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This article in SSSAJ

  1. Vol. 77 No. 3, p. 890-902
     
    Received: Dec 17, 2012
    Published: April 30, 2013


    * Corresponding author(s): brendan.malone@sydney.edu.au
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doi:10.2136/sssaj2012.0419

Spatial Scaling for Digital Soil Mapping

  1. Brendan P. Malone *a,
  2. Alex B. McBratneyb and
  3. Budiman Minasnyc
  1. a Faculty of Agriculture and Environment The University of Sydney Room 115 Biomedical Building Australia Technology Park Eveleigh, NSW 2015, Australia
    b Faculty of Agriculture and Environment The University of Sydney Room 105 Biomedical Building Australia Technology Park Eveleigh, NSW 2015, Australia
    c Faculty of Agriculture and Environment The University of Sydney Room 108 Biomedical Building Australia Technology Park Eveleigh, NSW 2015, Australia

Abstract

We describe in this paper, a broad overview of spatial scale concepts and scaling procedures that are specifically relevant for digital soil mapping (DSM). Despite the recent growth and operational status of DSM, one existing and foreseeably growing issue for users of digital soil information is the inequality of spatial scales between what is required and what is actually available to adequately address soil-related questions posed from within and from outside the soil science community. In the absence of conducting new soil survey or not being able to acquire the original legacy soil information (soil point data) as a means of creating user-specified soil information products, spatial scaling provides a useful solution. Spatial scaling for DSM involves changes in map extent, grid-cell resolution, and prediction support. We review in this paper the different forms of spatial scaling, which are described in terms of changes to grid spacing and prediction support. Fine-gridding and coarse-gridding are operations where the grid spacing changes but support remains unchanged. Deconvolution and convolution are operations where the support always changes which may or may not involve changing the grid spacing. While disseveration and conflation operations occur when the support and grid size are equal and both are then changed equally and simultaneously. Some possible and existing pedometric methods are described for implementation of each scaling process, as is an extended example for performing convolution where the support changes yet the resolution remains the same.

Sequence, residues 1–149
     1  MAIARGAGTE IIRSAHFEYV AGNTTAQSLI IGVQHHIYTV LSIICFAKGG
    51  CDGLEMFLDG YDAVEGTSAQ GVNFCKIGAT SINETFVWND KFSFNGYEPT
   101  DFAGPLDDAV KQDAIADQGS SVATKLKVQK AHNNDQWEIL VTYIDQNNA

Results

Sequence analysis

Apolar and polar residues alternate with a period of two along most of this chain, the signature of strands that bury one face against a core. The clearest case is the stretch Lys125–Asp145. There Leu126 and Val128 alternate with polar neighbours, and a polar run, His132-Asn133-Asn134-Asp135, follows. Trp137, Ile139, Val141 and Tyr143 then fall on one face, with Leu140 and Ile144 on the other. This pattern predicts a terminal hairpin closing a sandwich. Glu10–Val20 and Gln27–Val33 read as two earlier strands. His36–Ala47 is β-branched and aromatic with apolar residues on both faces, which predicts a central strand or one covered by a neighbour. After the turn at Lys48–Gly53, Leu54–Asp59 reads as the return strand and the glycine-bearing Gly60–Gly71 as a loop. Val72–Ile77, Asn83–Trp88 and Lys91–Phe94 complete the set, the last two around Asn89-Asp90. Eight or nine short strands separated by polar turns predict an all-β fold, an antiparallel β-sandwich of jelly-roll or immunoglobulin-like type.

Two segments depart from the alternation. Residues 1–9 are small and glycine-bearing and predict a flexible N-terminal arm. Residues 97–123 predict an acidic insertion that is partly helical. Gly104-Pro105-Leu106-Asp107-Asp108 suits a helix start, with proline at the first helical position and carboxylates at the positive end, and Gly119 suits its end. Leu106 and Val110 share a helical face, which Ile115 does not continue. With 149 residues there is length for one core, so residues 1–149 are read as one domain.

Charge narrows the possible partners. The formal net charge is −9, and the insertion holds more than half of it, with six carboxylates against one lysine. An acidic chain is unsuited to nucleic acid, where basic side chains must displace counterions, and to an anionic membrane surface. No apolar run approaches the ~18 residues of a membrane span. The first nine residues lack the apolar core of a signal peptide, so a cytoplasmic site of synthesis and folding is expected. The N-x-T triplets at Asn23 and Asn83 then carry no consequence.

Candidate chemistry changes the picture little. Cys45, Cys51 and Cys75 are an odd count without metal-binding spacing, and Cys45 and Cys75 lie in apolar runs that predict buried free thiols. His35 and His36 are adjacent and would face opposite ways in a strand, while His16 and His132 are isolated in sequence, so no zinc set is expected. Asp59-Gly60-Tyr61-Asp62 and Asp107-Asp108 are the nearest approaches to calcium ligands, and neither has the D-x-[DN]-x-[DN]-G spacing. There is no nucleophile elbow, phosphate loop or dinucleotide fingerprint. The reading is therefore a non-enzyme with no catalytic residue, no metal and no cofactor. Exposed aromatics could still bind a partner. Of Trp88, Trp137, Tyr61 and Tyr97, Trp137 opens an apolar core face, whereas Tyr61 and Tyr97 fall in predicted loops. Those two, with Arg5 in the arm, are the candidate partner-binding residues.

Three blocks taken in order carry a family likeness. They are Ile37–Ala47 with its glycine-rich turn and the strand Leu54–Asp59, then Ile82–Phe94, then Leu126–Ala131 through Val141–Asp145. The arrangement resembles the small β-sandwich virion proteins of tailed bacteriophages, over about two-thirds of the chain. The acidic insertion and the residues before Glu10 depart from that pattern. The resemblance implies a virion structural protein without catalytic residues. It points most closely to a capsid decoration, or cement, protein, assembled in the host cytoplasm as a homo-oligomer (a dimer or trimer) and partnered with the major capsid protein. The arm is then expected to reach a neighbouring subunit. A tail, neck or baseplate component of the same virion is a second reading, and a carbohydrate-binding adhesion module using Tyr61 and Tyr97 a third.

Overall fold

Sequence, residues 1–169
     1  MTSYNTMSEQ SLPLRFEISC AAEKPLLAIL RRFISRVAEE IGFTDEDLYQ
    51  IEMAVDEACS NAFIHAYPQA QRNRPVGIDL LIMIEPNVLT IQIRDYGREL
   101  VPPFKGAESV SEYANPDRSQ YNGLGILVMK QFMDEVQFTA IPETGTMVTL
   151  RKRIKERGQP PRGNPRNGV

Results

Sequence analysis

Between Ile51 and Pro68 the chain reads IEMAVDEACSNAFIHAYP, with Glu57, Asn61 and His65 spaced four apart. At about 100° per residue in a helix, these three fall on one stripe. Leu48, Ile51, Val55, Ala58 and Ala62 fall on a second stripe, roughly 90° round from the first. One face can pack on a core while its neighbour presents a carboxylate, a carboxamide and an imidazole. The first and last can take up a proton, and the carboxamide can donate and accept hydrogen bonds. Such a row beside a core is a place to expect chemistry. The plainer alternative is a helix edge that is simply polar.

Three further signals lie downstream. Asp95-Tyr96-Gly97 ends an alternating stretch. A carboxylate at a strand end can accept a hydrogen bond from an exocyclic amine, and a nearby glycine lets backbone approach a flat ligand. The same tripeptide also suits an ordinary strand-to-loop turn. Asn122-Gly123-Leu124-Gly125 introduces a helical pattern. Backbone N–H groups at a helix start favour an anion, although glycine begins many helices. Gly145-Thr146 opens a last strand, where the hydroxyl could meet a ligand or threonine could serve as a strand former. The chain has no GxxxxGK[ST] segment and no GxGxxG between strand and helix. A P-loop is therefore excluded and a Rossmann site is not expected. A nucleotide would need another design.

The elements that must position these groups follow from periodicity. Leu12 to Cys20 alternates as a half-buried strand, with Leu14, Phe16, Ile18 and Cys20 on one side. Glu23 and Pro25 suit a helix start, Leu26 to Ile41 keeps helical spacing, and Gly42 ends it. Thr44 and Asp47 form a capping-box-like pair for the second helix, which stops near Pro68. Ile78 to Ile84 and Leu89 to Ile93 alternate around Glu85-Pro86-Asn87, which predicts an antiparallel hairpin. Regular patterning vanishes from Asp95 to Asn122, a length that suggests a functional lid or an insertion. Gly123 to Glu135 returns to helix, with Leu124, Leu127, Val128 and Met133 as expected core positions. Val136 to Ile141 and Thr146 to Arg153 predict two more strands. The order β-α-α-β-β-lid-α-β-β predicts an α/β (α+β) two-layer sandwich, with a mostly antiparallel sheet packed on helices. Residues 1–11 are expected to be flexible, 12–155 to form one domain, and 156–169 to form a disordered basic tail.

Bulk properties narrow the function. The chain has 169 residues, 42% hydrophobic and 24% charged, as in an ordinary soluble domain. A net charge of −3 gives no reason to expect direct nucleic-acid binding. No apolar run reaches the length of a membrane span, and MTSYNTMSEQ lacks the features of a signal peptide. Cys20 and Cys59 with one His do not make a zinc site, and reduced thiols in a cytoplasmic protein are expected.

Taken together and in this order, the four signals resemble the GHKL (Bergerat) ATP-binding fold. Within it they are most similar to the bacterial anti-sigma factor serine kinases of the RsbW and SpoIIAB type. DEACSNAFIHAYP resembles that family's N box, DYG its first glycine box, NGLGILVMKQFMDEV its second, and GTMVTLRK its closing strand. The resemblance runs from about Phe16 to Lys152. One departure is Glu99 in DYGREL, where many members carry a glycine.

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Copyright © 2013. Copyright © by the Soil Science Society of America, Inc.